Wednesday 29 June 2011

Interview: Zachtronics Industries on Dynamic Puzzle Solving & Trout

Zach Barth operates under the name Zachtronics Industries. He's responsible for the outstanding puzzle game with the so-so name, SpaceChem, which is probably the best puzzle game I have ever played. It's a molecular programming game whose solutions are dynamic, that never fails to respect your intelligence, and is impossibly challenging without ever turning you off. It tests logical problem solving in a far more immediate and mature fashion than my own attempt. On top of this he's infamous for developing Minecraft precursor, Infiniminer (which we're not going to talk about today because no doubt he's bored). Anyway, grab the demo and be in awe.

Hi Zach. I realised as I planned this interview that you're the first person I've talked to for Plot is Gameplay's Bitch who might not list 'writer' as their first job. On top of this, I can't claim puzzle games are regularly at the top of my play list. Why do you think SpaceChem has captured me - and other players - so thoroughly?

I think that the allure of SpaceChem for many players is the way that it approaches puzzle / problem solving. Instead of requiring you to reconstruct my contrived solution, every puzzle allows for a very large number of possible solutions, each acceptable but with different performance characteristics. This gives players a clear goal, but an unprecedented amount of room to be creative, innovative, and iterative in creating their solutions.

I usually found that I could come in above average in play cycles (time efficiency of the solution), but way over the top on symbols (the complexity of the solution). Maybe I'm trying to be too clever for my own good, or maybe I'm just not as smart as I think. I'm fascinated by the metrics you collect on players - any interesting insights? Are there traits certain types of players share?

One of my favourite experiments we’ve run is SpaceChem: An Average Solution, where we used some clever visual post processing to average out hundreds of solutions for the “research” puzzles in SpaceChem. It allows you to see how solutions for different kinds of levels (tutorials versus simple levels versus hard levels) converge and diverge based on the constraints of the puzzle, which I think is very neat.

With regard to how players respond to the graphs, I think that many take to them the same way that you do. The first time you beat a level you’re almost certainly not at the top, but the graphs invite you to find a dimension of optimization that interests you and improve it in that aspect. The fact that the dimensions are mutually exclusive helps to make players who choose to optimize feel awesome, as graphs are filled both with people who wanted to optimize that aspect and people who chose not to optimize that aspect to optimize another.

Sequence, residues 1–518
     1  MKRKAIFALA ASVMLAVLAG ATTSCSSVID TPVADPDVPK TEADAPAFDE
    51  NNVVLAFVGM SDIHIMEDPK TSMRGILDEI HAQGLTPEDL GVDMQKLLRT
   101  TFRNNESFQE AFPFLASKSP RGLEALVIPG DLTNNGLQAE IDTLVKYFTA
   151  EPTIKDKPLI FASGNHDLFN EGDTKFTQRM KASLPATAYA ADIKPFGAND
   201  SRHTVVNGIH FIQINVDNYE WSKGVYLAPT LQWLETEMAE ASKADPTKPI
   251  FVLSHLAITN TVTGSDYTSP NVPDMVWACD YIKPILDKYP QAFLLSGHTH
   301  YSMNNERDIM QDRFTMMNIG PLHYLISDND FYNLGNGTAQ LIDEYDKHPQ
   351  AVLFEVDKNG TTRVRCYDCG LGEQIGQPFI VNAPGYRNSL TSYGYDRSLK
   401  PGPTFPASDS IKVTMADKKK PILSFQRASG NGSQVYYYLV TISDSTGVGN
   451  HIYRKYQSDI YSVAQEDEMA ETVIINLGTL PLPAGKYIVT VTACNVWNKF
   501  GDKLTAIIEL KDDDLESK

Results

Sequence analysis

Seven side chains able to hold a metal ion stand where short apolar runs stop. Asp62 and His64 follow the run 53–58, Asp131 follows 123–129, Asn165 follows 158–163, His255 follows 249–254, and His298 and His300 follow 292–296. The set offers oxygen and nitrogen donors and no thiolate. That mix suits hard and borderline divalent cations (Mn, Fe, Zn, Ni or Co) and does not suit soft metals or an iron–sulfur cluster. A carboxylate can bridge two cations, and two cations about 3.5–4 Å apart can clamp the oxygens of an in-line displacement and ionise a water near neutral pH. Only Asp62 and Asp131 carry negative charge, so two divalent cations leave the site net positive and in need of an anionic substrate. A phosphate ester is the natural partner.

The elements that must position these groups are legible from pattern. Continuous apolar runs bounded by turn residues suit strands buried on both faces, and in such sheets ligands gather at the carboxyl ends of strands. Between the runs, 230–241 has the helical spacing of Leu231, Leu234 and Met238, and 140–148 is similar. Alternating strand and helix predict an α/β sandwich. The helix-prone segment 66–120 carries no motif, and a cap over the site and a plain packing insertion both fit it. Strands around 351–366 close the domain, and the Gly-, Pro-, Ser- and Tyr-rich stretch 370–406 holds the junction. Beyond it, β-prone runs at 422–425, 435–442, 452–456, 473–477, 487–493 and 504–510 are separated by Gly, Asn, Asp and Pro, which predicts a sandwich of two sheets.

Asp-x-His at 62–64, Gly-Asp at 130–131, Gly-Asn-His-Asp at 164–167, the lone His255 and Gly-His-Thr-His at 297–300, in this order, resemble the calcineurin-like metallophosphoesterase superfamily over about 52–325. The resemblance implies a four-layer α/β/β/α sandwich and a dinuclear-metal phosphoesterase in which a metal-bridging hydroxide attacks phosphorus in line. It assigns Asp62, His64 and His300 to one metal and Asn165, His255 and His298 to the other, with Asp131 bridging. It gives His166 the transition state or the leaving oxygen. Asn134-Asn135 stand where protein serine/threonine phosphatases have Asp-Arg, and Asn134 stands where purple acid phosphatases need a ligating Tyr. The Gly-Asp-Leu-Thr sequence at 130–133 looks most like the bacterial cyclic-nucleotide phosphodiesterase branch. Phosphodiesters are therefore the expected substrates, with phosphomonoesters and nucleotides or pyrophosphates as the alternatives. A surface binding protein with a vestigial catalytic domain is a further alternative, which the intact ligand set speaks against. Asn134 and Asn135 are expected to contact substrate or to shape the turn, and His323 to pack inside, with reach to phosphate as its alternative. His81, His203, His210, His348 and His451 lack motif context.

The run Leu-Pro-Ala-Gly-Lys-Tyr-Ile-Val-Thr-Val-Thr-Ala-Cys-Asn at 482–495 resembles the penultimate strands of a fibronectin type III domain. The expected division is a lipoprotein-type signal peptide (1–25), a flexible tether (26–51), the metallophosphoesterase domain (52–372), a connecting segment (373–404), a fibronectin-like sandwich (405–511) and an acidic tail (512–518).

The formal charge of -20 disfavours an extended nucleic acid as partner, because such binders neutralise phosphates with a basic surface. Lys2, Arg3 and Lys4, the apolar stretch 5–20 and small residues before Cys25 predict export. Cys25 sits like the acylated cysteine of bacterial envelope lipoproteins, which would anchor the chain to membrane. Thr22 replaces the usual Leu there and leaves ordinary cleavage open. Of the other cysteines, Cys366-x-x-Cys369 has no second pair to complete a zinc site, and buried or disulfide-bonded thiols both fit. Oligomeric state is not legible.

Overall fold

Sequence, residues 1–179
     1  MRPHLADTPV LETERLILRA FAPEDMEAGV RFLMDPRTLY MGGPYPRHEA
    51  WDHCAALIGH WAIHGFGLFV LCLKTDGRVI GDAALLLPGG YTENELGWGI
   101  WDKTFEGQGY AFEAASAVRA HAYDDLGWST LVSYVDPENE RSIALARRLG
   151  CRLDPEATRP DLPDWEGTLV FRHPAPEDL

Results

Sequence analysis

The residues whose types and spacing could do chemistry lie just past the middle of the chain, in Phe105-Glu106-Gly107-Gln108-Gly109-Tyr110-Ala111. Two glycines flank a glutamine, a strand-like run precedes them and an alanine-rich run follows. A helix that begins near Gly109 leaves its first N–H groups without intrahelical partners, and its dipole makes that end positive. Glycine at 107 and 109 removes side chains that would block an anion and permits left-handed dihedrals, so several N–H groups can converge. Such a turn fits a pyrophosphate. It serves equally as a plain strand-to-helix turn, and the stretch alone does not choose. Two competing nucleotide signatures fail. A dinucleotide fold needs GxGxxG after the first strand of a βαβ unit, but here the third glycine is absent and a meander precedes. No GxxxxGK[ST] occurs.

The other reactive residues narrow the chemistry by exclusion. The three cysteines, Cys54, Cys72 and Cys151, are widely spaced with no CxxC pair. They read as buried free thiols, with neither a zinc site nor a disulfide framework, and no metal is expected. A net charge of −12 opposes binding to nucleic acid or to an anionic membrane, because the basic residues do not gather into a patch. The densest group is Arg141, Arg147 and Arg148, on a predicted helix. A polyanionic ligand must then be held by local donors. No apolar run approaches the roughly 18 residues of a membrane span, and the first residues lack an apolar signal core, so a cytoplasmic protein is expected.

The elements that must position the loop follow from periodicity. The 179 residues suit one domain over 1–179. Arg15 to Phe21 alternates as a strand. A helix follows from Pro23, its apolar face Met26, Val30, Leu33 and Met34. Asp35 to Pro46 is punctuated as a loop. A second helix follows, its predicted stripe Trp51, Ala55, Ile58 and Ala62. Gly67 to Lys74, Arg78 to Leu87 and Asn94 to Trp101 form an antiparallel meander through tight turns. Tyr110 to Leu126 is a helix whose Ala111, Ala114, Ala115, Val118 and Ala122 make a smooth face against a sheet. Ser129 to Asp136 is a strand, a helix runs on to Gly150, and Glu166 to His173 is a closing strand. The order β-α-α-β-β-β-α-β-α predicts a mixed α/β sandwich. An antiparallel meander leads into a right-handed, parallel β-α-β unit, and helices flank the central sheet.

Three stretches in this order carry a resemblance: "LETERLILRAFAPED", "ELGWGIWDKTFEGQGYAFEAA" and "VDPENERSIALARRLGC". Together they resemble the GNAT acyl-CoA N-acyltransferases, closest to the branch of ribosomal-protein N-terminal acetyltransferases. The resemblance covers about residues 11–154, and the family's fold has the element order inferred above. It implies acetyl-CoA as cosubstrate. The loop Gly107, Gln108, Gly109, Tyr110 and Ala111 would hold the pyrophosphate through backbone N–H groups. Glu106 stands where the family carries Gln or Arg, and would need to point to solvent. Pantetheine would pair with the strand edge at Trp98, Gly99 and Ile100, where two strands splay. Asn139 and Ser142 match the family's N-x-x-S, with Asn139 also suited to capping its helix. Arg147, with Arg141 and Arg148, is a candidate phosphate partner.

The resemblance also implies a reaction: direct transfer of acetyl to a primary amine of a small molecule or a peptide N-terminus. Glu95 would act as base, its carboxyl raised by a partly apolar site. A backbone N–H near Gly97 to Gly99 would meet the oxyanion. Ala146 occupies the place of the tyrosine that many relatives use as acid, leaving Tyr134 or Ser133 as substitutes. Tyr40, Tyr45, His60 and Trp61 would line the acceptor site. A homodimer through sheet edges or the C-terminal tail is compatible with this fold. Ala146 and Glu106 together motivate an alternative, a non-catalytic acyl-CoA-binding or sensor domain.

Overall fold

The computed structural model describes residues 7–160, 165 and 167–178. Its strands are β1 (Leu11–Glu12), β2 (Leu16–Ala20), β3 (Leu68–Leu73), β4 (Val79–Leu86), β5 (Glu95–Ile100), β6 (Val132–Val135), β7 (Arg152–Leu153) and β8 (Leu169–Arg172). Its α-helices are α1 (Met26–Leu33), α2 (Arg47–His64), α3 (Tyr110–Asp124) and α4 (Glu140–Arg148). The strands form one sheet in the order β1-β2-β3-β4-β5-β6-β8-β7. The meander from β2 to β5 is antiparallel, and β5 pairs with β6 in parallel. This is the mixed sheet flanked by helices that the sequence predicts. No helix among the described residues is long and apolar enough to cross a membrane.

You've been working on this basic programming play through a series of games, but SpaceChem displayed an unprecedented level of polish in its visuals, soundtrack and narrative. Do you want to shout out to your contributors?

Without a doubt!

I had two programmers, Collin Arnold and Keith Holman, who handled a majority of the coding tasks and freed me up to focus on tasks related to design and production. The remaining tasks were outsourced to talented individuals: Ryan Sumo for the majority of the artwork, Ken Bowen for sound effects, Evan Le Ny for the soundtrack, and Hillary Field for the narrative. Without them, there would be no SpaceChem!

You've spoken previously about how the emergent nature of the solutions is a strong point of engagement, and I think that's what interests me here where point & clicks or LA Noire (for example) fail: in building a solution within the game logic, rather than just discovering the pre-authored one. Is that an approach you'd consider expanding to subjects other than molecules and engineering systems? Narrative linearity seems jarring by comparison.

Yes, definitely, although I think it’s far easier to apply the principle to games like SpaceChem that are highly mechanics-driven. If I had to explain why this was the case, I would guess that it’s because this kind of system fundamentally expects and requires the player to design something as a solution, which translates into a strong sense of agency, which in turn drives engagement. I’m not sure how it would work in an interactive story like LA Noire, but I certainly don’t think it’s the only route to take.

Finally, what's next for you? Can you spill any details that I can spin into a headline? "SpaceChem dev turns hand to Facebook trout farming sim" would be ideal.

I wish I could tell you something that exciting! We’re focused right now on the transition to being a full-time studio and wrapping up SpaceChem development. Trout farming does sound kind of interesting, though…

Thanks for your time.

You can check out all Zach's games at

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